The riding for the day started a little later, to allow four more riders to arrive. These were Hugo Nugo (EXC520 on supermoto wheels), Clint640 (KTM 640), Waihou Thumper (XT600), & MXNut (DR650). While we were waiting, a few attended to running repairs to their bikes.

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    Buggs briefed the newcomers on Waiouru ride etiquette. I am fairly sure that this wasn&#8217;t absorbed by all. Civilians are not as good at taking on board instructions as the Army. A question of consequence, I guess. One of the instructions was that we ride as a group & not deviate from the planned tracks. Both went out the window fairly shortly after we left camp.

    One of the first major challenges of the day was a climb up a rutted hill, for those mad enough to try it. It was probably too early in the ride day for some I guess.

    Eventually headed into the Desert. Almost as soon as we did so, Buggs rode into a rut, & cartwheeled the Africa Twin. He sustained a bit of damage there, but fortunately nothing too serious to himself (deep bruising to his leg). Which was a relief, because the weekend could have ended right there, given he was the ride leader / sponsor. While we waited for him to collect himself, we had a play in the surroundings.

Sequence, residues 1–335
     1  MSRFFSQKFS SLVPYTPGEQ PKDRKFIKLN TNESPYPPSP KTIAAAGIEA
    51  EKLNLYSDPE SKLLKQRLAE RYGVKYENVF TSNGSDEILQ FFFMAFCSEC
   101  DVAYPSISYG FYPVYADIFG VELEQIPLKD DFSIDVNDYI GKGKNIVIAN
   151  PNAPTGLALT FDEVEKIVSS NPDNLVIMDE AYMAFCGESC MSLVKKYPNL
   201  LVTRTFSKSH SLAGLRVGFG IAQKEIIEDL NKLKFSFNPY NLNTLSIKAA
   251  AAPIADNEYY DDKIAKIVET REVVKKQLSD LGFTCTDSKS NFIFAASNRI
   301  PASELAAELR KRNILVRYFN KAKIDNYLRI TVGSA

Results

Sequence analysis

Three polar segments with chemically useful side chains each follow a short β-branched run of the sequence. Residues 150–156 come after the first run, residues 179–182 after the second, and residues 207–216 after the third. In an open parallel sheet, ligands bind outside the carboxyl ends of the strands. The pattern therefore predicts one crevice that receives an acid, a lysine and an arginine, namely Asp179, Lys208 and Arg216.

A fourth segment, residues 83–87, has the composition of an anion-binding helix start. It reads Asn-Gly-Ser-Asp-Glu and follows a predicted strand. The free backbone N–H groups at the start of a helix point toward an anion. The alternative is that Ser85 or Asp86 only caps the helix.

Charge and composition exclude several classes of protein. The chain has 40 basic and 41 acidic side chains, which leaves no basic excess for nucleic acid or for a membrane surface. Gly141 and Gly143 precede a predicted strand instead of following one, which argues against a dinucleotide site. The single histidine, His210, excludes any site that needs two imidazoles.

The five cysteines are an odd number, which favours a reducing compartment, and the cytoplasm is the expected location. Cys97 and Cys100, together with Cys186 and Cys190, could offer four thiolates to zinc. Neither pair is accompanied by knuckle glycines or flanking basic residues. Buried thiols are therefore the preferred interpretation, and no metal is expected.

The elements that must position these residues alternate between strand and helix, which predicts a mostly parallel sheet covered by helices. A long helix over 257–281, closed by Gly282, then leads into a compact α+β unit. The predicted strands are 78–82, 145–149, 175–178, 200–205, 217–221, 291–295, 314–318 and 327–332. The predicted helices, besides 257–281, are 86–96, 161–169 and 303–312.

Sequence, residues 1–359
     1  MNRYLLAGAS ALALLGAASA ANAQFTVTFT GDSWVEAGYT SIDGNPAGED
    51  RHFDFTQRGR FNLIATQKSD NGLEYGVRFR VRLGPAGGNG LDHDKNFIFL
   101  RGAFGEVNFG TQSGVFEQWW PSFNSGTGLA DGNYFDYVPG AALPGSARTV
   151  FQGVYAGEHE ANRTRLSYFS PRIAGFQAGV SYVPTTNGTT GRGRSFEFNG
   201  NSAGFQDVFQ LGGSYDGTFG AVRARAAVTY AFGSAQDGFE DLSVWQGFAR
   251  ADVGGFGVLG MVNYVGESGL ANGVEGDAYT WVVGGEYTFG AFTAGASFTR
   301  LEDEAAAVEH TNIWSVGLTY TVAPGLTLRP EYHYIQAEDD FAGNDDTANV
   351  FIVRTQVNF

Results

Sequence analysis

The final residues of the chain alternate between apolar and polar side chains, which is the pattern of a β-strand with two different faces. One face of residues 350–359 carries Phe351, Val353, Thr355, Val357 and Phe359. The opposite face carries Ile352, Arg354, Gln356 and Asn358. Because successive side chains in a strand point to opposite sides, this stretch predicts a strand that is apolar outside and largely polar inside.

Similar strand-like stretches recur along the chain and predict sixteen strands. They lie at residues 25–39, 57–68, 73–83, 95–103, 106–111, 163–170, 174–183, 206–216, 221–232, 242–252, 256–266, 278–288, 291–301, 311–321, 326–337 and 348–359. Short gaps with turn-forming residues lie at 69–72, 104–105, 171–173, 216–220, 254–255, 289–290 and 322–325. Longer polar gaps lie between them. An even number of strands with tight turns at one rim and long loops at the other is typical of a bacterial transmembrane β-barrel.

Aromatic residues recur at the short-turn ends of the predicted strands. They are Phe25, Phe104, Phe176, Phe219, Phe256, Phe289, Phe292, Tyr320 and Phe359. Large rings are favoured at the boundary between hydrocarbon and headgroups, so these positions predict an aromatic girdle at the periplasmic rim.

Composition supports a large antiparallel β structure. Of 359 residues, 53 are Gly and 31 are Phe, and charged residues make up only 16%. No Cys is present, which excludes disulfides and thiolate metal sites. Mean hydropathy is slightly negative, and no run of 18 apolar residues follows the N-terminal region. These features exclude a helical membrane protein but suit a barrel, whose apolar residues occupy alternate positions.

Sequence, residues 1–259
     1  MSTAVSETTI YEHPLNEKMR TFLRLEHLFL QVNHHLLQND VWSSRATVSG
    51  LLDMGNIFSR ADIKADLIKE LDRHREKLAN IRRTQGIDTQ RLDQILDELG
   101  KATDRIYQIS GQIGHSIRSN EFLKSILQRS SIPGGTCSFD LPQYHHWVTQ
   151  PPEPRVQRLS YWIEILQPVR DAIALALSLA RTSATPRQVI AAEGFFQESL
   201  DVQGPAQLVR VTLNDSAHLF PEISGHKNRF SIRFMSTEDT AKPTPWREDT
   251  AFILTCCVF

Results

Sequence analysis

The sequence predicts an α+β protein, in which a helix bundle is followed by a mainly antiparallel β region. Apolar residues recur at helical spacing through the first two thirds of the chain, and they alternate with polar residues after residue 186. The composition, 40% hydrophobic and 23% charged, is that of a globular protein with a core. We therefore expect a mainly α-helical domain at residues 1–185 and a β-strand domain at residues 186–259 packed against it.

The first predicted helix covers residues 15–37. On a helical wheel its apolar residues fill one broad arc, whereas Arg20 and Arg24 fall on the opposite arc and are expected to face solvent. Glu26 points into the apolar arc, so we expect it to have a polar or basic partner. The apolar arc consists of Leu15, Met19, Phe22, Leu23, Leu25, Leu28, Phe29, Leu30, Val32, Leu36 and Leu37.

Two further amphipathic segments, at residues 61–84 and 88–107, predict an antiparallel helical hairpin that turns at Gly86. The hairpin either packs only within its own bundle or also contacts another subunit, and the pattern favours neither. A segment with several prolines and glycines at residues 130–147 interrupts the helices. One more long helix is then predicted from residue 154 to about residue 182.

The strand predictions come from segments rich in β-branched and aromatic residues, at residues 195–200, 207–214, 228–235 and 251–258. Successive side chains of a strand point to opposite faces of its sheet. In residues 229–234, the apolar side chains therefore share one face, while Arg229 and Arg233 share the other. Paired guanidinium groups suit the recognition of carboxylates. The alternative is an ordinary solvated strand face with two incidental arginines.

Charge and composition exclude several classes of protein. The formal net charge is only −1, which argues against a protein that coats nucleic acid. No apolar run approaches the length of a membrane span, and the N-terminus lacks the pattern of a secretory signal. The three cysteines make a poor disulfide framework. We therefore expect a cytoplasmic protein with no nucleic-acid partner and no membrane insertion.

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    Did a quick ford (quite deep & fast), then followed some tracks towards Ruapehu. Some tracks were in dried up stream beds, which had shifted sand & rock down from the mountain.

    This photo by Bart

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    In a few places the sand became quite deep. Especially once we got near the forestry section, which tended to push everyone into the same tracks, with a consequence the sand was quite rutted. Have to say that the outriggers went out on a number of occasions in that stuff, because I just couldn&#8217;t keep up enough momentum to keep the front wheel from digging in, & losing control. I was blowing fairly hard at one point & MarkS offered to swap bikes. I was no better on the KLR, but at least it was a little lighter. Gives one new appreciation for the Dakar riders.

    Next 2 photos by Bart

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    Made it up to the playground &#8211; some riders went off to get as far up the mountain as they could, then returned later to play on the hill climb. I had lunch &#8211; the deep sand had killed my energy levels. In hindsight I wish I had gone further into the mountains & done the hill climb. Speaking of which, that proved very entertaining, & quite photogenic. But the photos don&#8217;t do justice to how steep it was. The next three photos are courtesy of Underground